Degree Type


Date of Award


Degree Name

Doctor of Philosophy



First Advisor

Joel R. Coats

Second Advisor

Michael J. Kimber


Mosquitoes and ticks are vectors of several diseases that affect both humans and animals. Control of mosquito-borne and tick-borne diseases has primarily been achieved with the use of chemical insecticides/acaricides. However, an increase in public concern about the safety of conventional synthetic compounds, along with growing insecticide/acaricide resistance, has resulted in a need to find alternatives to control ticks and mosquitoes. In this dissertation I report on the functional and pharmacological characterization of a tyramine receptor from the southern cattle tick (Rhipicephalus microplus). Additionally, I report on the role of botanical essential oil terpenoids to interact with the southern cattle tick's tyramine receptor. Physiological studies of the southern cattle tick's tyramine receptor, using post-transcription gene silencing, show that the southern cattle tick's tyramine receptor is a target that can result in tick mortality. The significance of these results is the reclassification of the southern cattle tick's tyramine receptor (previously thought to be an octopamine receptor), the identification of a potentially novel target of plant terpenoids in the southern cattle tick and an explanation for the potential role of formamidine resistance, which has been reported in the southern cattle tick. Finally, I present the ability of essential oils to enhance the toxicity and/or knockdown of the synthetic pyrethroid permethrin, against two mosquito species (Aedes aegypti and Anopheles gambiae). The enhancement of toxicity and knockdown is similar to, but in many cases, better than the commercial synergist piperonyl butoxide (PBO). The significance of these findings includes the ability to use natural control measures to replace PBO, which has been under scrutiny for non-target toxicological issues.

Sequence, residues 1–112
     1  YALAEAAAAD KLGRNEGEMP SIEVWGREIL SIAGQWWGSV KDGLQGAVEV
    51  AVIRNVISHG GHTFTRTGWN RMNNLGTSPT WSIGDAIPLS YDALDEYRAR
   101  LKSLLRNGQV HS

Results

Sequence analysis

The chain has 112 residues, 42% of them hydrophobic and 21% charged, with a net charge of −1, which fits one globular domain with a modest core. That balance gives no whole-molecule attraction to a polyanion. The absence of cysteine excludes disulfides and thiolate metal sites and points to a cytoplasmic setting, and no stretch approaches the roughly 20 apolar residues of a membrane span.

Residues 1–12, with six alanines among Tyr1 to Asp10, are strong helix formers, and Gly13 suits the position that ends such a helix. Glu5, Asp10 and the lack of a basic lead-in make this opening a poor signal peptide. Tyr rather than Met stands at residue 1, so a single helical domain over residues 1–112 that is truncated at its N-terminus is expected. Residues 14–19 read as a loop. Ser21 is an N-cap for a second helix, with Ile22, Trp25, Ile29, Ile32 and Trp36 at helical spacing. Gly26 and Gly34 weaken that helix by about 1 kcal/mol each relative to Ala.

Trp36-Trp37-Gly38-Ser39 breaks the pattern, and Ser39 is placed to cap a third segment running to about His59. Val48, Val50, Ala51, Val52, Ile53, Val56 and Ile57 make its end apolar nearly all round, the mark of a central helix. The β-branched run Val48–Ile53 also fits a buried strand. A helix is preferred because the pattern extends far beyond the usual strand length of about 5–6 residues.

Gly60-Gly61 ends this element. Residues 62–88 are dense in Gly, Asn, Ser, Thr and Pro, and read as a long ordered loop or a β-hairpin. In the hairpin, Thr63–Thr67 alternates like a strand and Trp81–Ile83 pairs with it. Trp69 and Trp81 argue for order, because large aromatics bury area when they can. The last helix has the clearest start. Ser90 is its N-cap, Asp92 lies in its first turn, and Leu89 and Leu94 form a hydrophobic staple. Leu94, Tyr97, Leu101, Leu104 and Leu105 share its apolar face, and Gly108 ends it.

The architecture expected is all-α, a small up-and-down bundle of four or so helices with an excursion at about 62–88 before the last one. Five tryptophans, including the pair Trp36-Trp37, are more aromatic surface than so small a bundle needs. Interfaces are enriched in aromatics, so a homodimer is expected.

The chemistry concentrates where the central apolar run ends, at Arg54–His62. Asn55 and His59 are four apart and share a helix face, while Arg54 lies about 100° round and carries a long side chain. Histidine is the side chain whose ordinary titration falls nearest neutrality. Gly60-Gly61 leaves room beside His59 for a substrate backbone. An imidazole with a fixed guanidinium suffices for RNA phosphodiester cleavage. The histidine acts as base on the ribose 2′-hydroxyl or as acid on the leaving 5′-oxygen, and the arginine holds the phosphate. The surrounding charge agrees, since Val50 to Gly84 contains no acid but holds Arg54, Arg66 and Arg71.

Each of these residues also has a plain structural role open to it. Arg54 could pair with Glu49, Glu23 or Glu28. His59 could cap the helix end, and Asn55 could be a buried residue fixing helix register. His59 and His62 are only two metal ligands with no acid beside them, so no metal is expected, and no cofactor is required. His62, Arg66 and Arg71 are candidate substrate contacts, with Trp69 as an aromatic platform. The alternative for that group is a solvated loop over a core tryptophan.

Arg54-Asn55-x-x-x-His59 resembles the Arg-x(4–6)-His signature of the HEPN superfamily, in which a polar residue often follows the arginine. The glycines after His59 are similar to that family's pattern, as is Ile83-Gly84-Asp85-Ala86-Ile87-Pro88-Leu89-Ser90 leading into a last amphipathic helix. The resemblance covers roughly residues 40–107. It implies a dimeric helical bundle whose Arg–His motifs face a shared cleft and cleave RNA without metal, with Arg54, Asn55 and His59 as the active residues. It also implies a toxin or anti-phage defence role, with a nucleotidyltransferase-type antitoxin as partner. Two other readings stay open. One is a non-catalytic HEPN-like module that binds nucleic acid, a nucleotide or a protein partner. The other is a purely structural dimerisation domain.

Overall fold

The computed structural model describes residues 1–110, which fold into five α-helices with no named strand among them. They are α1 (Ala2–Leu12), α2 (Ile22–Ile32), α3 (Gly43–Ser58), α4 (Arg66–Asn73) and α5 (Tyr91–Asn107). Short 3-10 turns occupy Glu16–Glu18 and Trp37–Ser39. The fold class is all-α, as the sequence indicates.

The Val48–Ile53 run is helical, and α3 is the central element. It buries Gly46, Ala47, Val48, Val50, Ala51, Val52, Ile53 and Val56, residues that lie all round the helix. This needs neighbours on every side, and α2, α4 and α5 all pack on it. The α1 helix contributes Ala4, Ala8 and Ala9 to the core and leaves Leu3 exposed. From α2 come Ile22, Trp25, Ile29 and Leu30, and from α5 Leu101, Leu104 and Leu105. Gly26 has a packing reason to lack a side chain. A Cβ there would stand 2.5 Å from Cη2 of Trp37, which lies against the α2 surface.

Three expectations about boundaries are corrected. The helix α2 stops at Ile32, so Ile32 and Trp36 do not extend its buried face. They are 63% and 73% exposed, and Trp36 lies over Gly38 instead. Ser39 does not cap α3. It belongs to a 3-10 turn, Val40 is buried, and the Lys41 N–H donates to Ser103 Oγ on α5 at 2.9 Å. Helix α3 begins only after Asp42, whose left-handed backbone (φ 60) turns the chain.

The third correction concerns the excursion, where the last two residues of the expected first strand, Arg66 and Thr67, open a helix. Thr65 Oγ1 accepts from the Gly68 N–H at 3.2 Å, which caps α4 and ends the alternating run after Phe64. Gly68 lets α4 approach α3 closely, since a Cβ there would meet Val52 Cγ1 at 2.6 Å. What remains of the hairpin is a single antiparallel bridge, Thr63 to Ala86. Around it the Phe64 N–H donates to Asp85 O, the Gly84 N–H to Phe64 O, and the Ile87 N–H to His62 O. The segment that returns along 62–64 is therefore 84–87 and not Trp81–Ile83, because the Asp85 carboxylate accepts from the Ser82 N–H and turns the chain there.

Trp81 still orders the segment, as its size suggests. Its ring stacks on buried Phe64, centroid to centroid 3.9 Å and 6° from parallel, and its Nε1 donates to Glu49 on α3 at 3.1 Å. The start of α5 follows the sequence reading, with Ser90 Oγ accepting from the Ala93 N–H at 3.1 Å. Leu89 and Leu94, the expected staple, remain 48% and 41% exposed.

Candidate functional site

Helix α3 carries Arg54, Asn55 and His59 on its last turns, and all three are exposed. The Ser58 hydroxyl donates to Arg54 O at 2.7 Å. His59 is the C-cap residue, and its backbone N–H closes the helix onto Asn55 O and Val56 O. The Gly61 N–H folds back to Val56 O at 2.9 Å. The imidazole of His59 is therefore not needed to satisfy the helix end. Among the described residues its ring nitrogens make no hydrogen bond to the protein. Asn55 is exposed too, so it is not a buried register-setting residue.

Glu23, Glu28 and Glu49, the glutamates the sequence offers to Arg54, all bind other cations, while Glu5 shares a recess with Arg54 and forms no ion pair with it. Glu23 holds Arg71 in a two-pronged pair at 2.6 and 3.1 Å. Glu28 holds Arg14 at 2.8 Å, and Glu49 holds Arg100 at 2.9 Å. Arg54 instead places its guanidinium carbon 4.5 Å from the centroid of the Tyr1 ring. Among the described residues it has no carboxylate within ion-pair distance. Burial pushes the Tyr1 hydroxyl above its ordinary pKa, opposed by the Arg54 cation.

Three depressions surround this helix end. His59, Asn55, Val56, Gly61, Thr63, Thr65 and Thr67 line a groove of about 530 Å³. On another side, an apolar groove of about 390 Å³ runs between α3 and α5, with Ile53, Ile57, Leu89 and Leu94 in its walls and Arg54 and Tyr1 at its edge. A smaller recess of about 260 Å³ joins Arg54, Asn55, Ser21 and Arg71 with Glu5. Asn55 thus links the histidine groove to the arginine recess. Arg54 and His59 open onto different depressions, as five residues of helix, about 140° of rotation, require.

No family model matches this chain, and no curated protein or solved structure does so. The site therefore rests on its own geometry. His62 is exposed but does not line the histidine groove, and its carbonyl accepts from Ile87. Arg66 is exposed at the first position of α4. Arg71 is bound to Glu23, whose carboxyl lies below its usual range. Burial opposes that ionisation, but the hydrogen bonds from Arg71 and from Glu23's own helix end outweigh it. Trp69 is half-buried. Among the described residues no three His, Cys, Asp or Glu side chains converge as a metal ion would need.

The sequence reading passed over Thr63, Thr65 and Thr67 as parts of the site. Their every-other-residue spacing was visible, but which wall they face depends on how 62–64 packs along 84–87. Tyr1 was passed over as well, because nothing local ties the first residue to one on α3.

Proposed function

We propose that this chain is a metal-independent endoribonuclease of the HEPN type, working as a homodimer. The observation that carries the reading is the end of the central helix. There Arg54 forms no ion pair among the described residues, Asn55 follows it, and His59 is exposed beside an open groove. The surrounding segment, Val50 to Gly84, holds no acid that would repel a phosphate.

Copyright Owner

Aaron Donald Gross



File Format


File Size

164 pages